Problems of Growing Microgreens In Water

Almost everything that has benefits includes some disadvantages as well. For growing microgreens hydroponically, they include: 

Slower Growth and Lower Yield

Most experiments of growing microgreens hydroponically show that the growth is slower than that of soil. Also, the plants seem to be smaller than the ones grown in soil. However, with a better environment, especially with automation techniques, it’s easier to get a higher yield.

It Demands More Attention

Although soil growing isn’t precisely a set and forgets it kind of gardening, it doesn’t need routine checking of growing conditions. Therefore, soil offers a more stable environment than water. 


Growing microgreens hydroponically is a fantastic growing method. You get the nutrient-full product without making messes and even have an opportunity to start a business using extra space in your home. Moreover, it’s simple to do, and if you follow the above guidelines, you’ll experience success from the start. It’s up to you now!

Microgreens Corner
Microgreens Corner
We are Janette & Jesper, and we love microgreens.


  1. Hello! Thanks for this great post! I have been using oregano oil to prevent mold, but a lot of other microgreen growers recommend keeping it covered (and sometimes even adding a weight) to promote more leggy and strong growth. What are your opinions/experience on that, as I notice you recommend uncovering pretty quickly and you don’t mention using weights.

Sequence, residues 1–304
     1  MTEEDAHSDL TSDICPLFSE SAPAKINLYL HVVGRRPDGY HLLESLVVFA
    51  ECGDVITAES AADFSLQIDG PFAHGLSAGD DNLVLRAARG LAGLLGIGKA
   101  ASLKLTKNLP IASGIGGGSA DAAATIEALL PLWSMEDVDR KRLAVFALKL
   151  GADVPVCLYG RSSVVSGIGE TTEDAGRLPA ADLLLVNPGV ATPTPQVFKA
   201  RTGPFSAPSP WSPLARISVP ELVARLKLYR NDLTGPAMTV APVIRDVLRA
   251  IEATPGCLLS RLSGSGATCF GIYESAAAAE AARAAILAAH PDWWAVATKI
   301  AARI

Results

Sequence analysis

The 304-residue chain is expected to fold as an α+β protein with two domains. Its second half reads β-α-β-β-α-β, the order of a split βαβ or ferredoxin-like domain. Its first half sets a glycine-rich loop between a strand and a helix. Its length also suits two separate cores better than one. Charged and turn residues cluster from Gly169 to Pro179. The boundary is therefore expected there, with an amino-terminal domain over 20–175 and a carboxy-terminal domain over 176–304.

Second thing I wanted to ask you about. When I used to do Aerogarden and other hydroponic systems, the nutrients (I used the same kind you used in your video, Maxigro) would always cause algae to grow around the edges etc. Have you had any issue with algae growing once the covers are off and the microgreens are exposed to light along with the nutrient water?

    Thank you!

    • Hi Esther,

      We have never tried/used oregano oil to prevent mold, so I can’t really comment on that.

      We try to keep our growing environment in check with airflow, humidity, light, etc. Depending on where you grow your microgreens it can sometimes be challenging.

      We have written an article about mold and how to prevent it. Maybe it will give you some help: Why Microgreens Mold And How To Prevent It

      In terms of adding weight, you are totally right. We also use this practice, depending on what we grow. We simply put another tray inside/on top of the first one and add a stone or brick (around 2.5kg). This will keep some humidity within the tray, and also give the seeds some resistance to push against, which again will help them grow a stronger stem.

      But again, it depends on what we grow. Some microgreens we add weight to are basil, dill, sunflower, rocket, and kohlrabi.

      When it comes to algea, no we haven’t had that problem. But when I browse around I can see that you are not the only one having this problem. It’s very normal.

      Here is a good article on how to clean your AeroGarden and remove the algea: How to get rid of algae in AeroGarden

      Happy growing